In this double-blind, placebo controlled, randomized trial over one year, 180 women postmenopausal women with osteopenia were recruited between June 2009 and March 2010, were at least five years past menopause.
The women were given daily doses of either of tablets containing placebo, 2.5mg fluoride, 5mg fluoride or 10mg fluoride.
The results revealed the primary endpoint was change in lumbar spine BMD at 1 year, secondary endpoints were hip and forearm BMD, and markers of bone turnover.
In comparison to the placebo, none of the doses of fluoride changed bone mineral density (BMD) at any site. On the other hand, the low doses of fluoride did appear to ‘weakly activate bone remodeling,’ with significant changes in at least one marker of bone formation.
Levels of procollagen type-I N-terminal propeptide (P1NP), the preferred marker for bone formation did increase significantly with low doses of fluoride 5mg and 10mg compared to a placebo.
No difference were seen between the placebo group and any of the fluoride groups on Beta C-terminal telopeptide (β-CTX), a specific resorption marker for degradation of bone type I collagen by osteoclasts.
No fractures were reported in the placebo group, one metatarsal fracture in the 2.5-mg fluoride group (metatarsal is the long bones in the forefoot), two fractures in the 5-mg group (one in the ankle and one in the calcaneus, heel bone) and two fractures in the 10-mg group (one in the rib and one in the humerus, is a long bone in the arm or forelimb that runs from the shoulder to the elbow).
In their conclusion the researchers write ‘Low dose fluoride does not induce substantial effects on surrogates of skeletal health, and is unlikely to be an effective therapy for osteoporosis.’”3,4
It’s bad enough that osteopenia is looked upon as a “disease” that must be “cured”; but turning to a dangerous toxin to “treat” it surely takes the cake!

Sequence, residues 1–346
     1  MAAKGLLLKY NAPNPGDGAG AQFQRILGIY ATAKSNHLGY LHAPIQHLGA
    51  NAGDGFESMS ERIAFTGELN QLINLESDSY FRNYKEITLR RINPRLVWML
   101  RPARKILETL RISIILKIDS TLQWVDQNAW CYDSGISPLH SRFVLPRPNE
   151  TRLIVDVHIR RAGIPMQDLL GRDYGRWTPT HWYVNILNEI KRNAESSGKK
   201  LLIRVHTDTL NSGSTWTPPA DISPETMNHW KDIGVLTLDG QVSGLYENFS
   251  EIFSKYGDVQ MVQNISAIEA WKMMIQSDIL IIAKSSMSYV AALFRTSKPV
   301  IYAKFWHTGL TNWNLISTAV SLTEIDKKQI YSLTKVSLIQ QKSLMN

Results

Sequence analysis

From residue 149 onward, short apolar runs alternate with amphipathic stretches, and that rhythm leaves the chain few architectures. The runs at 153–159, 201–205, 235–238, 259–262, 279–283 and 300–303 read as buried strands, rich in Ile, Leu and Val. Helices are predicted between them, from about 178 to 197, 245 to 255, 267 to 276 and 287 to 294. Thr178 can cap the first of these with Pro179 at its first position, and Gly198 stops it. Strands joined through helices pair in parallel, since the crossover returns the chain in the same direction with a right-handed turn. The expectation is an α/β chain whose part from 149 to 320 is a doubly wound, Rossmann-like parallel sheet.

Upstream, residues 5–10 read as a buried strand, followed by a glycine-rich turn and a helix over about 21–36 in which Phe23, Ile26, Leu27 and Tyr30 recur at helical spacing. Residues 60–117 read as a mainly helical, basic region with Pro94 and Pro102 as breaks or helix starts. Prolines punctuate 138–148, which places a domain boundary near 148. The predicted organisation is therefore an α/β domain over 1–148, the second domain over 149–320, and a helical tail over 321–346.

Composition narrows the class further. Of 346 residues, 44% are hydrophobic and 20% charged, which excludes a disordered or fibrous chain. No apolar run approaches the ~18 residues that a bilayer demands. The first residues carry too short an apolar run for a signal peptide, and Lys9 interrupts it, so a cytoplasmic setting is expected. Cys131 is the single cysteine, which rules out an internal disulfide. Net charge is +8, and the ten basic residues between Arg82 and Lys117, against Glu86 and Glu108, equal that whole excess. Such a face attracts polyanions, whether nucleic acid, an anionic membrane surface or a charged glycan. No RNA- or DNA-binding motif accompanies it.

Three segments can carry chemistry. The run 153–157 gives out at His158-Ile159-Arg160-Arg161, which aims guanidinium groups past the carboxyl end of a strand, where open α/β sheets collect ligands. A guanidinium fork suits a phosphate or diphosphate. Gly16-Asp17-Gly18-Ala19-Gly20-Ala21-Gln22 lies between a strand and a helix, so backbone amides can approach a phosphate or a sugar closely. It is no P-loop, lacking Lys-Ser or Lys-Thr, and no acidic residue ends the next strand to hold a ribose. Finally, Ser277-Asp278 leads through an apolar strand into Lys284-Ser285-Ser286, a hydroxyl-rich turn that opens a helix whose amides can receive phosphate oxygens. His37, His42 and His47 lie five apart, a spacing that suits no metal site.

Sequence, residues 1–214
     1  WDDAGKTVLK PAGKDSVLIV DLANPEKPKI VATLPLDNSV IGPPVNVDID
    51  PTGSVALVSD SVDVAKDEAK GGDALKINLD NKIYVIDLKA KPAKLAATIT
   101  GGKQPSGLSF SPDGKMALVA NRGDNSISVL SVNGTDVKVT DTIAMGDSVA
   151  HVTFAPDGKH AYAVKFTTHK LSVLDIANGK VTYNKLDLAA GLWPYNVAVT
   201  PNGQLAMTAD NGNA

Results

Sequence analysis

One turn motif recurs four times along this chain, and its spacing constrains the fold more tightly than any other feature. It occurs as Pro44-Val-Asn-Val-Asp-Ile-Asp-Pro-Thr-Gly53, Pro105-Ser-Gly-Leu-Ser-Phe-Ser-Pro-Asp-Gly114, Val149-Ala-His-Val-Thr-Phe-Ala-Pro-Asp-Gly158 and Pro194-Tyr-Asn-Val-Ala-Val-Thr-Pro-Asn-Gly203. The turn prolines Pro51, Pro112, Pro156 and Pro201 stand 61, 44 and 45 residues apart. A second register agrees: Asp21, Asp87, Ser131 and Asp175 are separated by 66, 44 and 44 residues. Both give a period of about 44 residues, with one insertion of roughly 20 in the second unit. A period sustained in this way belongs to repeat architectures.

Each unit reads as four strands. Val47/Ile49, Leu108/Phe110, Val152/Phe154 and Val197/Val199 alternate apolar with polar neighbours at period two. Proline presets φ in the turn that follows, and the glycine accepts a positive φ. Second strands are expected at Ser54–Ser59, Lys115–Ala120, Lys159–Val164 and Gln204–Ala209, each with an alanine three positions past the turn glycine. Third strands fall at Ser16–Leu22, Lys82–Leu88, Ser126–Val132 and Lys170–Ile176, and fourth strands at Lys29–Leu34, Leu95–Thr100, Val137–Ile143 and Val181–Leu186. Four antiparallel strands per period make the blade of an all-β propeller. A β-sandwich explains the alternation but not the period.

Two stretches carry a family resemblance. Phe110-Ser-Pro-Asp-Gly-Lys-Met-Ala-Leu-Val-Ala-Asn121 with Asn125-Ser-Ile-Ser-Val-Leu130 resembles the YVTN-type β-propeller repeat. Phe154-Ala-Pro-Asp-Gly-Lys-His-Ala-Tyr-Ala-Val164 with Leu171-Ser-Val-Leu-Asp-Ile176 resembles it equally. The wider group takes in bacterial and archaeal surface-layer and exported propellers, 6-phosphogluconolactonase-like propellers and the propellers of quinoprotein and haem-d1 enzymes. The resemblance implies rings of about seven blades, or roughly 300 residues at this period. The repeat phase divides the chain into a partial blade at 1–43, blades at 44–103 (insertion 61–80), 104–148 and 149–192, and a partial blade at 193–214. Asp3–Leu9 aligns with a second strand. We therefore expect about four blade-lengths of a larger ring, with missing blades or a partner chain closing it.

Isn’t it good to know that thanks to the Osteoporosis Reversal Program you don’t need to play along with Big Pharma’s games? And if you don’t have the Program yet, you can try it risk-free with my one full year no-questions-asked double your money back guarantee.
Till next time,
1 Larson, Erik. “Merck Knew of Fosamax Bone Risk in ’90, Lawyer Tells Jury.” Bloomberg. April 9, 2013. Web. http://www.bloomberg.com/news/2013-04-09/merck-trial-begins-on-claim-fosamax-causes-bone-breaks.html
2 Cousins, Farron. “Merck Vice President Reveals: Fosamax Has No Fracture Reduction Benefit For Many Patients.” Ring of Fire. February 19, 2013. Web. http://www.ringoffireradio.com/2013/02/19/merck-vice-president-reveals-fosamax-has-no-fracture-reduction-benefit-for-many-patients/
3 Nicholson, Debbie. “Fluoride fails as osteopenia treatment.” All Voices. April 12, 2013. Web. http://www.allvoices.com/contributed-news/14402446-fluoride-fails-as-osteopenia-treatment
4 Grey, Andrew, et al. “Low dose fluoride in postmenopausal women: a randomized controlled trial.” The Journal of Clinical Endocrinology & Metabolism. April 3, 2013, doi: 10.1210/jc.2012-4062. Web. http://jcem.endojournals.org/content/early/2013/04/03/jc.2012-4062.abstract